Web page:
United States District Court, D. South Dakota, Southern Division
OPINION AND ORDER SCREENING CASE AND GRANTING LEAVE
ROBERTO A. LANGE, UNITED STATES DISTRICT JUDGE
Travis R. McPeek ("McPeek"), an inmate at the
Yankton County Jail in Yankton, South Dakota, filed this
lawsuit pursuant to 42 U.S.C. § 1983. Doc. 1. This Court
has screened his complaint pursuant to 28 U.S.C. §
1915A. For the following reasons, the Court grants McPeek
leave to amend his complaint.
FACTS ALLEGED IN THE COMPLAINT
January 4, 2017, McPeek signed an extradition agreement that
he alleges allowed Bon Homme County, South Dakota to
transport him. Doc. 1 at 4. On January 12, 2017, McPeek was
placed on a Northwest Shuttle and transferred. Id.
He alleges that he was mistreated during the transport.
Id. at 5-6. He appears to allege that he was denied
the use of a bathroom, he was shackled, he was stripped
searched, and he was booked into county jails without charges
pending in those counties. Id. at 5. McPeek also
alleges that his medical needs were ignored, that he was
denied medication, that he has myofascial muscle and tissue
damage, fibromyalgia, and that he was recently shot five
times. Id. at 6.
February 13, 2017, McPeek filed a complaint pursuant to 28
U.S.C. § 1983. He raises three claims and names as
defendants those who he alleges were involved in the
arrangements for the transport. Id. at 4. As relief,
McPeek requests monetary damages of $12 million. Id.
at 7. McPeek also requests that he be appointed counsel to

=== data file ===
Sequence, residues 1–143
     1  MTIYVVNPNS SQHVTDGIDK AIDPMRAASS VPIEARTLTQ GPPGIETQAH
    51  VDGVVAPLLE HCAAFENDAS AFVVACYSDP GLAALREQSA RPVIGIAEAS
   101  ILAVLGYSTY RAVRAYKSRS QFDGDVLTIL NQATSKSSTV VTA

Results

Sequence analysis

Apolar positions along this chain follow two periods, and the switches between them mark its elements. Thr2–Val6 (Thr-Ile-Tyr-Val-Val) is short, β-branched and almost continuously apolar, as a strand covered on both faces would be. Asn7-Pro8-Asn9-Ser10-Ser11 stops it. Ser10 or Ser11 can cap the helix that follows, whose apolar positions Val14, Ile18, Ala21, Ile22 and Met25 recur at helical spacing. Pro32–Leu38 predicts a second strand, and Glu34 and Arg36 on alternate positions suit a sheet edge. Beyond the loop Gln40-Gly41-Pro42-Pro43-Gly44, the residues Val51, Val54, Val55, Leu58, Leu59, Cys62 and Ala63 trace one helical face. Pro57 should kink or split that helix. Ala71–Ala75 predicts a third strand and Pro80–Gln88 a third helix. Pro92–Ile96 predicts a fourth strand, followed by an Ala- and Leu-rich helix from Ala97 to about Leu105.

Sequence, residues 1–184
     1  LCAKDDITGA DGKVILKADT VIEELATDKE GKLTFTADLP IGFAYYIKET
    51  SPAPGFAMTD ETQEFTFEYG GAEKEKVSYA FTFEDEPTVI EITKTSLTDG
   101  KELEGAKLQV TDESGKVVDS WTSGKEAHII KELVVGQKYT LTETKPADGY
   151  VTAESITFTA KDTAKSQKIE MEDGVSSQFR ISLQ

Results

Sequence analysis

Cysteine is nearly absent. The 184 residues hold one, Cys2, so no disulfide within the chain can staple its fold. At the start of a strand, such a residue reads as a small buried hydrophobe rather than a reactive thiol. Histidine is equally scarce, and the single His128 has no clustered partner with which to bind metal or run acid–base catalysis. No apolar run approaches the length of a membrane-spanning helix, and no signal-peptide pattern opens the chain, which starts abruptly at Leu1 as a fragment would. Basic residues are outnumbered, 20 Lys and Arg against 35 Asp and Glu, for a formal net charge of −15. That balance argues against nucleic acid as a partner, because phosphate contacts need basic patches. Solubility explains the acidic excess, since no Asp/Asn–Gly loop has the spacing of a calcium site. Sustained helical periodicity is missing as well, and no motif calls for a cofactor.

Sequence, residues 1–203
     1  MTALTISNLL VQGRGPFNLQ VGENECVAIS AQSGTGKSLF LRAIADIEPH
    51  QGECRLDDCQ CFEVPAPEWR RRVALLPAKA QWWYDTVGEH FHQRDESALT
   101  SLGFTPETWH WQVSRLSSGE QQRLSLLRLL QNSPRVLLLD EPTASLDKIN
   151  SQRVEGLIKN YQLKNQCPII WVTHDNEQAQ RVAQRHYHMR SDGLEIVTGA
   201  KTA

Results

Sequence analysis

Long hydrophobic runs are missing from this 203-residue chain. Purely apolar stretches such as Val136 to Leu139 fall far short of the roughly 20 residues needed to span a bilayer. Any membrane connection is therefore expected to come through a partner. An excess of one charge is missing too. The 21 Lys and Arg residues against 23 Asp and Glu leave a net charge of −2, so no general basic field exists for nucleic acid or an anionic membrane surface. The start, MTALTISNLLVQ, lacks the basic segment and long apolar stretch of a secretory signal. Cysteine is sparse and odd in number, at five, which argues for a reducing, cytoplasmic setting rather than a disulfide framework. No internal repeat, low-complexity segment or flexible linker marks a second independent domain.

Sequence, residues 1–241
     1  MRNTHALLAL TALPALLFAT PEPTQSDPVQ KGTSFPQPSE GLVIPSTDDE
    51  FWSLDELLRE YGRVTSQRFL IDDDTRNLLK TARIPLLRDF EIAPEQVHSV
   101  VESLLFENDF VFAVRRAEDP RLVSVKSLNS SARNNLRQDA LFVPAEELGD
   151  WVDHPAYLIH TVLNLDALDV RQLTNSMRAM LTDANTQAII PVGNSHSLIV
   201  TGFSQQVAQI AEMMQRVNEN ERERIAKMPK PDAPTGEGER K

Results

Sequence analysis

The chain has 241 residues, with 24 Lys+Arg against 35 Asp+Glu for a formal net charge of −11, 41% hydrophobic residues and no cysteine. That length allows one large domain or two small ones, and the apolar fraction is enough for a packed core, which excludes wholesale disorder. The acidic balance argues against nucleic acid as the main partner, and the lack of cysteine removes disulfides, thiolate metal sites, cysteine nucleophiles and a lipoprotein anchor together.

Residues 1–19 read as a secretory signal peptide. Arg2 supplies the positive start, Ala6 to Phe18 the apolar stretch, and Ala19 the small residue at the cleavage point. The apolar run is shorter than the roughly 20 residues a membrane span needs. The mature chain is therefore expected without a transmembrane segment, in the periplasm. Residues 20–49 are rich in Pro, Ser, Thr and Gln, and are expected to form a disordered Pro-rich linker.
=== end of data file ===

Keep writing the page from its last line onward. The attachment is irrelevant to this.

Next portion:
aid him with his lawsuit. Id.
stage of the case, this Court must accept the well-pleaded
allegations in the complaint as true and draw all reasonable
inferences in favor of the non-moving party. Schriener v.
Quicken Loans, Inc., 774 F.3d 442, 444 (8th Cir. 2014).
Civil rights and pro se complaints must be liberally
construed. Erickson v. Pardus, 551 U.S. 89, 94
(2007) (citation omitted); Bediako v. Stein Mart,
Inc., 354 F.3d 835, 839 (8th Cir. 2004). Even with this
construction, "a pro se complaint must contain specific
facts supporting its conclusions." Martin v.
Sargent, 780 F.2d 1334, 1337 (8th Cir. 1985); Ellis
v. City of Minneapolis, 518 F.App'x 502, 504 (8th
Cir. 2013). Civil rights complaints cannot be merely
conclusory. Davis v. Hall, 992 F.2d 151, 152 (8th
Cir. 1993); Parker v. Porter, 221 F.App'x 481,
482 (8th Cir. 2007).
complaint "does not need detailed factual allegations .
. . [but] requires more than labels and conclusions, and a
formulaic recitation of the elements of a cause of action
will not do." Bell Atl. Corp. v. Twombly, 550
U.S. 544, 555 (2007). "If a plaintiff cannot make the
requisite showing, dismissal is appropriate."
Beavers v. Lockhart, 755 F.2d 657, 663 (8th Cir.
28 U.S.C. § 1915A, this Court must screen prisoner
claims filed in forma pauperis and determine whether they are
(1) "frivolous, malicious, or fail[ ] to state a claim
on which relief may be granted; or (2) seek[ ] monetary
relief from a defendant who is immune from such relief."
See also Onstad v. Wilkinson, 534 F.App'x 581,
582 (8th Cir. 2013).
Screening Under § 1915A
complaint raises three claims. He claims that defendants
violated his rights under the Fourteenth Amendment by
illegally transferring him, by mistreating him during the
transfer, and by denying him medical treatment during the
transfer. McPeek does not allege which defendants committed
Count I - Illegal Transfer
claims that defendants violated his Fourteenth Amendment
rights by illegally transferring him. According to the
complaint, McPeek signed a document agreeing to be
transferred, but he claims that he only agreed to be
transferred by Bon Homme County. Doc. 1 at 4. McPeek,
however, does not have a constitutional right to be
transferred by a certain entity. Therefore, he fails to state
a claim upon ...